To read part one first, click here.
In his Reno Gazette article, Craig Downer makes the case that the wild horse is truly a wild, native species. As is widely acknowledged by the scientific community, the modern horse originated in North America around two million years ago. The ancestors of the horse, in North America, go back much farther than that. At least until ten to twelve thousand years ago – horses roamed the lands where they are found today in North America. As Craig Downer points out, “considerable evidence indicates that horses never totally died out, although they diminished, along with many other species at the close of the last Ice Age.” Many disbursed, going across the Bering Strait to Asia and from there they spread out across the world.
He writes, “Horses are not mere machines; they are living beings who have arisen out of myriad past generations predominately in the wild! They possess an amazing wisdom, aka instincts, that gives them adaptive abilities that harmoniously fit into a variety of ecosystems, which they enhance.”
He explains that populations of wild horses are much needed to restore the health of ecosystems. Because they are semi-nomadic, they do not wear down the vegetation and the soil in the same way that cows do. Wild horses disperse seeds from a greater variety of plants, and they enrich the soil, allowing vegetation to grow back, followed by the return of bird, mammal, reptile, and amphibian species. As a native species, wild horses belong on the land as an essential, re-vitalizing part of the ecosystem.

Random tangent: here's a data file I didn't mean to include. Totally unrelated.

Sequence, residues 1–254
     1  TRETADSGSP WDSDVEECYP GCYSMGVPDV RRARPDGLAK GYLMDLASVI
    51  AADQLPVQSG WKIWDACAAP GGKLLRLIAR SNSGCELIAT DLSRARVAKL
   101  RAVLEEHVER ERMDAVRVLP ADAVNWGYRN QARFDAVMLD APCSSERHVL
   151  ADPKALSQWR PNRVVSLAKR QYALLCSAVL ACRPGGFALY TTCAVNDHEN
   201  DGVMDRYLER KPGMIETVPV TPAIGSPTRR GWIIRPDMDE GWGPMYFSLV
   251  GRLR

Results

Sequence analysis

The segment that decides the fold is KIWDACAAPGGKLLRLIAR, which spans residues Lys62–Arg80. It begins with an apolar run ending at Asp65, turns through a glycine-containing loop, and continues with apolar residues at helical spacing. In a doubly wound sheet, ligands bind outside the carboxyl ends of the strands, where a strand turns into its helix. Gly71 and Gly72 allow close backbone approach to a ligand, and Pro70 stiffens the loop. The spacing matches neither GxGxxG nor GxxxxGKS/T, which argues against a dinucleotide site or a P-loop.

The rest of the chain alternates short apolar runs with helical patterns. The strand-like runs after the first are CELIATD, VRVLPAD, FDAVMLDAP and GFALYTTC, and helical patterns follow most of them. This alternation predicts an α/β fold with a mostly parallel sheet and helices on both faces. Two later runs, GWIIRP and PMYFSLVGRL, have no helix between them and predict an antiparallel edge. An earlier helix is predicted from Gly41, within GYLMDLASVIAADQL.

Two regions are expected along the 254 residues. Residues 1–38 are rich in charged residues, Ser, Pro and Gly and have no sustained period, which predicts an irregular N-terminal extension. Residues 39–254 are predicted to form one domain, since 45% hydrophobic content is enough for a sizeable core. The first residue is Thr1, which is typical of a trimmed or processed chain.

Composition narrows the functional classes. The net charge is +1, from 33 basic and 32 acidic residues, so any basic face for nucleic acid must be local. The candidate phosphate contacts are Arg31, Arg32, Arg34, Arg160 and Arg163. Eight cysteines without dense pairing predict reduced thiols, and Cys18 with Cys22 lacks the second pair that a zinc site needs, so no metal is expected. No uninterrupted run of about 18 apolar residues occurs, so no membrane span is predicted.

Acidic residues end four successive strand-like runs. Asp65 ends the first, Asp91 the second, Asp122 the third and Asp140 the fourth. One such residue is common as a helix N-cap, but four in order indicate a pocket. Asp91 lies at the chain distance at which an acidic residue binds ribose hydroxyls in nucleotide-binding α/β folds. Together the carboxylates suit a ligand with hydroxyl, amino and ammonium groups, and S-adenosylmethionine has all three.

In another article, The Wild Horse is Native to North America, by Ross MacPhee, PhD, Curator – Division of Vertebrate Zoology, American Museum of Natural History, New York, NY, published by The Cloud Foundation, the author writes, “It needs to be more widely understood that the horse’s status as a native North American species is beyond serious question.”
According to Ross MacPhee, a native species is one that evolved in a particular geographic location, and there is no doubt that the wild horse evolved in North America. During the Pleistocene, the wild horse lived in North America from two and a half million to around 10,000 years ago. This is supported by both fossil and DNA evidence. The horse is an American species and is not native to any other continent.
From a scientific viewpoint, it matters not at all that the horse spread to other continents and was domesticated along the way. In the evolutionary time scale this is only a blip on the radar. The wild horse is a native species that has returned to his place of origin. Ross MacPhee concludes, “Reintroduction of horses to North America 500 years ago is, biologically, a non-event: horses were merely returned to part of their former native range, where they have since prospered because ecologically they never left.”
Craig Downer ends his article in the Reno Gazette Journal with a call for profound change, to restore the rightful place of the American wild horse, and to share the land with these “magnificent and highly evolved beings.”
Copyright © Sharon St Joan, 2015
Top photo: Jaime Jackson / Wikimedia Commons / “This file is licensed under the Creative Commons Attribution-Share Alike 3.0 Unported license.” / Free roaming wild horses in Utah.
Second photo: © Mikael Males | Dreamstime.com
Third photo: Hiraeth99 / Wikimedia Commons / “This file is licensed under the Creative Commons Attribution-Share Alike 4.0 International license.” / Wild horses in Alberta, Canada.
To find Craig Downer’s book, The Wild Horse Conspiracy, on Amazon, click here.
To read Craig Downer’s article in the Reno Gazette Journal, click here.
To read Ross MacPhee’s article on the Cloud Foundation website, click here.